Terrific essay by fellow blogger Lance Mannion at his self-named site. It’s called Shake Every Hand, Kiss Every Baby, and it’s a very readable analysis with much humor of the one-on-one people skills that successful politicians employ in connecting with voters.
His post reminded me of when Kyle and I met Bill Clinton in April ’92, prior to the NY primary, weeks before he had wrapped up the Democratic nomination. This was in lower Manhattan, near Wall Street. First Hillary, then Bill spoke standing on the open bed of a pickup truck, and when they were done, climbed down into the crowd. They met and conversed with everyone there, shook every hand, and campaigned like he was trailing in the polls, not leading. Bill’s hands were soft and big–it felt like shaking hands with a pillow. He looked me in the eye and asked for my vote in the upcoming primary. I then volunteered for his fall campaign against President Bush, joining an ad hoc group in Manhattan called Street Corner Speakers for Clinton. That was a great campaign year.
In considering what makes a successful politician, Lance’s references run the gamut from Dickens’ Hard Times to George McGovern’s early days as a hopeful South Dakota pol. I was glad to see that Andrew Sullivan linked to it this morning at The Dish on the Daily Beast in a share of Lance’s post Andrew called The Handshake Factor.
I recommend you read the whole piece. Here’s a taste of it, the same excerpt as on The Dish.
“You get out there and you shake as many hands, kiss as many babies, ring as many doorbells as there are minutes in the day every day. Ideally, before the campaign’s over you’ll have met every voter and asked them for their vote personally.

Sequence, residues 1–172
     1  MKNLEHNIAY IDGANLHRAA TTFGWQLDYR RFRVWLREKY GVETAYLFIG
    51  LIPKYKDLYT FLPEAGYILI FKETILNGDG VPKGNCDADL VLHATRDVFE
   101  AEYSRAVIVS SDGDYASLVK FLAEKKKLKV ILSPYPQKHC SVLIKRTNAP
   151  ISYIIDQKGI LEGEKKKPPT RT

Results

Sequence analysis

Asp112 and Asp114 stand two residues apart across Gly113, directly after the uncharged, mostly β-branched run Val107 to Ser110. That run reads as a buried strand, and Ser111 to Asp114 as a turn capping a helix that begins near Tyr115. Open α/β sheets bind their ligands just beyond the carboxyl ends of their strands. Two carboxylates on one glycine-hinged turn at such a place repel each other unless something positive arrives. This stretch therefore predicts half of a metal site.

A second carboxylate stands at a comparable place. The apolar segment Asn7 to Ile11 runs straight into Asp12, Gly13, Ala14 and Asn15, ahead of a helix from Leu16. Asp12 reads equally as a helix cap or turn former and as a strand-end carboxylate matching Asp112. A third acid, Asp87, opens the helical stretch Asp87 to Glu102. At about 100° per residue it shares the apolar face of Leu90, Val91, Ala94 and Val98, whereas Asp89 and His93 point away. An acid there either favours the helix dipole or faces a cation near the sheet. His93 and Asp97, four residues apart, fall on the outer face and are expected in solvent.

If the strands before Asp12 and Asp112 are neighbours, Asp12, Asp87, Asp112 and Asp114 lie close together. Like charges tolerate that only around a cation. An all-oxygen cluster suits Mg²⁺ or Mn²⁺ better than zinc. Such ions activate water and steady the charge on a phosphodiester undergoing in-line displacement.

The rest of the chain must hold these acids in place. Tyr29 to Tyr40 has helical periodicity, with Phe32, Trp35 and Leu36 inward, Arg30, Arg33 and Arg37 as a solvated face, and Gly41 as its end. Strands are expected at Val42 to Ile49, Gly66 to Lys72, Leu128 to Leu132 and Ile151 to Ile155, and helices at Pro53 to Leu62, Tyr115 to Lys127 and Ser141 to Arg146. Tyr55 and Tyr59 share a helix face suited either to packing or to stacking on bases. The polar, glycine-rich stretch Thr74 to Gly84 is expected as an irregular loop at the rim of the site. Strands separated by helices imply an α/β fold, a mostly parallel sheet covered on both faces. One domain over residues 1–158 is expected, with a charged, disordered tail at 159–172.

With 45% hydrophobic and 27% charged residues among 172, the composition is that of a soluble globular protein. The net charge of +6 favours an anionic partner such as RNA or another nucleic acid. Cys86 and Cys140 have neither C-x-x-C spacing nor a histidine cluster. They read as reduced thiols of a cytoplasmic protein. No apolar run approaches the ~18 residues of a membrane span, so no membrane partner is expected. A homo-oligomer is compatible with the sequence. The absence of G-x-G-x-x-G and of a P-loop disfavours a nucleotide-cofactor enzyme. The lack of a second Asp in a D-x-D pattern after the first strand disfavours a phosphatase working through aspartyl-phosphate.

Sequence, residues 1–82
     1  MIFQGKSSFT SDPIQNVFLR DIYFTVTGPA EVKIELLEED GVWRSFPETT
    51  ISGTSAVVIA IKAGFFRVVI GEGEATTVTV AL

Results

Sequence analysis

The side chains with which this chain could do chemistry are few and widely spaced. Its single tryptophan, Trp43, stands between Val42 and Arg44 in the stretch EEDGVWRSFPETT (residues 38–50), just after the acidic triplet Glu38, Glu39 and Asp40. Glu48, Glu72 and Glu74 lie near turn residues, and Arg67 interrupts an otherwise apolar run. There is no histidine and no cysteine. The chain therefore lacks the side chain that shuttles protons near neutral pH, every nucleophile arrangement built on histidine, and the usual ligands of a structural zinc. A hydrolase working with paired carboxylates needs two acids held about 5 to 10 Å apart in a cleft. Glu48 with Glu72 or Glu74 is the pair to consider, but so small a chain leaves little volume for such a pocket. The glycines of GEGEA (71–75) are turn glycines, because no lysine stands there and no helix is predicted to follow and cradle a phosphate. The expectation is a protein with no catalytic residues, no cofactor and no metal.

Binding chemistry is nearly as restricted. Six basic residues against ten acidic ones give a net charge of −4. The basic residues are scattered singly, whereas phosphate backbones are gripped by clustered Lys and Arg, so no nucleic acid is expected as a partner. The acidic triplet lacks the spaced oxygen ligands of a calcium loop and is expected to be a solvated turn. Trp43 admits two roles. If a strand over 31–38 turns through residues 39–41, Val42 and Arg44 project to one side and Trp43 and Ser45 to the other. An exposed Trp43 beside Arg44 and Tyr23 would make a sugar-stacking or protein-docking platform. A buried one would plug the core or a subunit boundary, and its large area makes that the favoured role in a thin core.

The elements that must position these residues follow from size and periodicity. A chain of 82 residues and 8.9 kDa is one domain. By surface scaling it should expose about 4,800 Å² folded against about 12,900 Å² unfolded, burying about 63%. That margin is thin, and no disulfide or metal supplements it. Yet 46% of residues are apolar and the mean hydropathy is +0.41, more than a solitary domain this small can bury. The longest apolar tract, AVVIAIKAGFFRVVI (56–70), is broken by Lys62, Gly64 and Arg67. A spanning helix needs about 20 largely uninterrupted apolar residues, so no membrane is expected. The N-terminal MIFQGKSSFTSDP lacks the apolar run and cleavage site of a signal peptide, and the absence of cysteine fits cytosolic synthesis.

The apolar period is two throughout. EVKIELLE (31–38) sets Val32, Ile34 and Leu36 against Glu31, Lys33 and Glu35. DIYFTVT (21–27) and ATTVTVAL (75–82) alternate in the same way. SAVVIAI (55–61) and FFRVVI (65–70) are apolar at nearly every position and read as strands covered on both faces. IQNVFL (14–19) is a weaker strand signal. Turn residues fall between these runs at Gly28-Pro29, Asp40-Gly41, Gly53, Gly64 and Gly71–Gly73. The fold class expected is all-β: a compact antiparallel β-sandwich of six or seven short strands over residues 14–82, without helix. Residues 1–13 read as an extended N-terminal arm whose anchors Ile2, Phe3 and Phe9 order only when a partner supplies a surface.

“Of course the higher up the ladder, the larger the constituency, and the more that ideal becomes an impossibility. So you’re forced to do a lot of it by proxy. Instead of meeting voters one at a time, you meet them in crowds. Instead of showing up on their doorsteps, you show up on their TVs and computer screens and mobile devices. You spend more time with big donors than with small business owners. And what used to be a matter of just doing your job, going out to listen to constituents tell you their troubles and ask for your help, becomes a photo op. If you worked your way up the political ladder, and you know what’s good for you, you remember what the point was and you keep in mind who deserves your attention when you’re out on the stump. And when you stop standing in front of the crowd and dive into it instead, all the old skills come back.”
* In borrowing this post’s title from Richard Ben Cramer’s great book of the same name, I say thanks to Mr. Cramer.